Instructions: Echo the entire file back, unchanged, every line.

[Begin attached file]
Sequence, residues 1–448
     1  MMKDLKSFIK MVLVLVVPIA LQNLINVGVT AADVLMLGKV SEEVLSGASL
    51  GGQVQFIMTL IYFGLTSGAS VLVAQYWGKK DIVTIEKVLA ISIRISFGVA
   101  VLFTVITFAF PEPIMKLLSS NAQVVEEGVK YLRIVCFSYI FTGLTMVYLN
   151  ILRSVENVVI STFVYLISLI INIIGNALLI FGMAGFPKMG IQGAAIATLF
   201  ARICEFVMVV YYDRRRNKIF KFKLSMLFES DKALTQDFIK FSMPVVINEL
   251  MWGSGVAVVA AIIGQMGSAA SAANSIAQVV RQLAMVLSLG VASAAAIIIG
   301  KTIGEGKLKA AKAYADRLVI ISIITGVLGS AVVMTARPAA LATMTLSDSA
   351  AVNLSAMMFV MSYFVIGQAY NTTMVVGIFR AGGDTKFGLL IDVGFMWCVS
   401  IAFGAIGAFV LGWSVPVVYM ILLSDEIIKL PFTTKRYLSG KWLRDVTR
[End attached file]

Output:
Sequence, residues 1–448
     1  MMKDLKSFIK MVLVLVVPIA LQNLINVGVT AADVLMLGKV SEEVLSGASL
    51  GGQVQFIMTL IYFGLTSGAS VLVAQYWGKK DIVTIEKVLA ISIRISFGVA
   101  VLFTVITFAF PEPIMKLLSS NAQVVEEGVK YLRIVCFSYI FTGLTMVYLN
   151  ILRSVENVVI STFVYLISLI INIIGNALLI FGMAGFPKMG IQGAAIATLF
   201  ARICEFVMVV YYDRRRNKIF KFKLSMLFES DKALTQDFIK FSMPVVINEL
   251  MWGSGVAVVA AIIGQMGSAA SAANSIAQVV RQLAMVLSLG VASAAAIIIG
   301  KTIGEGKLKA AKAYADRLVI ISIITGVLGS AVVMTARPAA LATMTLSDSA
   351  AVNLSAMMFV MSYFVIGQAY NTTMVVGIFR AGGDTKFGLL IDVGFMWCVS
   401  IAFGAIGAFV LGWSVPVVYM ILLSDEIIKL PFTTKRYLSG KWLRDVTR